By the end of 2017, they already used deep learning networks, and the FDA cleared the company’s ECG reader called KardiaBand as a medical device accessory to the Apple Watch. A study concluded that the device managed to distinguish between atrial fibrillation and a normal heart rhythm with a sensitivity of 93, and a specificity of 94%, respectively. Its sensitivity increased to 99% when a medical professional reviewed the reading26.

By 2020, products of Alivecor have been tested in over 40 clinical studies. Despite these accomplishments, the use of the device is still not common practice. And as other companies producing A.I.-based medical technologies are lagging behind, it might depict a long period of adoption.

A.I. will only reach the status of an everyday medical technology if medical associations provide clear guidelines about implementing it; if policy makers create policies that favor adoption; and if the medical community does not look at A.I. as a threat, but rather, as the stethoscope of the 21st century.

What are the major challenges ahead?

Examples for ANI do exist today, but there are major issues the A.I. developer and the medical community have to face and tackle before A.I. can become mainstream in medicine.


Medical professionals tend to make decisions using data that were obtained with technologies they either understand or understand the basics enough to trust it. In the case of A.I., it might not be possible. However, millions of learned parameters (the connection weights within the network) determine the output of a deep neural network, which makes it unintuitive to understand the decision process. Even if we visualize the sensitivity of different parts of a network and browse these thousands of noisy images, we will still not see easy-to-grasp learned rules. Reasoning is not a by-product of the algorithm. Thus, explainable A.I. would be crucial in providing insights into A.I.-based algorithms enough to gain trust in them.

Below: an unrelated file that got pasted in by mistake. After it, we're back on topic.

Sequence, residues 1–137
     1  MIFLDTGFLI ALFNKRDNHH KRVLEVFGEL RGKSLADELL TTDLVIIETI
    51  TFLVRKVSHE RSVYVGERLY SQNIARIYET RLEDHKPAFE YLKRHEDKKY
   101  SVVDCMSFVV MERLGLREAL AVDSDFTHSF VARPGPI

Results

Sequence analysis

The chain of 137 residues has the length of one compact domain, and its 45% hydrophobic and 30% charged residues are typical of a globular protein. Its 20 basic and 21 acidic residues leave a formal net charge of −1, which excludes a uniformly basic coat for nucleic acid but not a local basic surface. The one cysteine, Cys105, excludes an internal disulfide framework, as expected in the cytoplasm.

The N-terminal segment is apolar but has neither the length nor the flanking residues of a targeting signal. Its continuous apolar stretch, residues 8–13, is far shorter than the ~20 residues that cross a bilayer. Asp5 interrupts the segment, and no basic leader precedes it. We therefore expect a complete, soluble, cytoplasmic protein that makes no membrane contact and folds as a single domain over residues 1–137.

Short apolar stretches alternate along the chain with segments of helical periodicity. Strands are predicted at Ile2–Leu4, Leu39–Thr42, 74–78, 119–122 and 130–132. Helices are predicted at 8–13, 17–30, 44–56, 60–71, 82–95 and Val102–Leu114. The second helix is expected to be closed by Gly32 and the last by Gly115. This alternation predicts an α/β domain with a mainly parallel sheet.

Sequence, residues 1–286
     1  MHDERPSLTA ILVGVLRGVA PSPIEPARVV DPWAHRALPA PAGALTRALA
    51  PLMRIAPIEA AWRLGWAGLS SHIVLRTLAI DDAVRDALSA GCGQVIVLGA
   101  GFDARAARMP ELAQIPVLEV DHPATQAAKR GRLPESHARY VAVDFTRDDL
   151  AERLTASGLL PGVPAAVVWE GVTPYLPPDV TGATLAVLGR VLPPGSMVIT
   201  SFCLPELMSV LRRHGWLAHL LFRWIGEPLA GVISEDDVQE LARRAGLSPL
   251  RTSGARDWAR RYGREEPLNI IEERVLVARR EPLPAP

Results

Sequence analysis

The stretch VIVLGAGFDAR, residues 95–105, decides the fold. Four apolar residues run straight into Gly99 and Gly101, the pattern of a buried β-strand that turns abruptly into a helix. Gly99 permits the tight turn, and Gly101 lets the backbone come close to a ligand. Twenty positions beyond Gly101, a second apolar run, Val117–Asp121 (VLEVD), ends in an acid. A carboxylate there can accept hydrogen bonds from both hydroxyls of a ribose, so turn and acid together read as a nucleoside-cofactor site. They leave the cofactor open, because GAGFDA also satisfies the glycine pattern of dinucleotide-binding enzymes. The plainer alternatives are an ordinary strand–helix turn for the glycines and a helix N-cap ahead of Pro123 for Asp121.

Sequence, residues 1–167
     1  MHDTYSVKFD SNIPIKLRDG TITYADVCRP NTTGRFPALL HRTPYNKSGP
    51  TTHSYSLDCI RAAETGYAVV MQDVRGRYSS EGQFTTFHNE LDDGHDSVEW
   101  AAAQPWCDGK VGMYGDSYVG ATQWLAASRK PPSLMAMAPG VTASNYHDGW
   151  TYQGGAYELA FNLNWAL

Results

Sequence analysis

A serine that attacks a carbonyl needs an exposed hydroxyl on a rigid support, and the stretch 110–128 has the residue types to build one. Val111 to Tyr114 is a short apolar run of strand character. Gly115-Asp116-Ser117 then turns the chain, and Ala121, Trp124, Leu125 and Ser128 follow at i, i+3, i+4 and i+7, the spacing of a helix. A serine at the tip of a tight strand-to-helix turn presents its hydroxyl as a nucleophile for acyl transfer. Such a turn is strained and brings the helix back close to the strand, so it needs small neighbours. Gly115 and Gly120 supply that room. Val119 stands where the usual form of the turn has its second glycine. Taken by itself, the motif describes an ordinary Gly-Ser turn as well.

Augmented intelligence

This is a term often promoted by organizations such as the American Medical Association. It focuses on A.I.’s assistive role in healthcare emphasizing that A.I.‘s design enhances human intelligence rather than replaces it. It also refers to the value an A.I. can provide that comes from how we can combine the unique capabilities of human experts with those of A.I. to provide better care for patients. A similar term that is related to augmented intelligence is “human-centered A.I.” which explores the need for the development of A.I.-based systems that learn from and collaborate with humans in a deep and meaningful way.

Quality and quantity of data

A.I. feeds on data. The more and better quality data it gets access to, the more it can excel at tasks. Advanced algorithms need annotated data to make sure those can learn the task they were designed for. There are medical professionals who act as data annotators which is a time-consuming and monotonous task. Some medical algorithms can only improve through large amounts of annotated data. Therefore the dedicated contribution of data annotators is of crucial importance for the benefit of implementing A.I. in the healthcare setting. Therefore, we can conclude that data annotators are the unsung heroes of the medical A.I. revolution27.

Privacy issues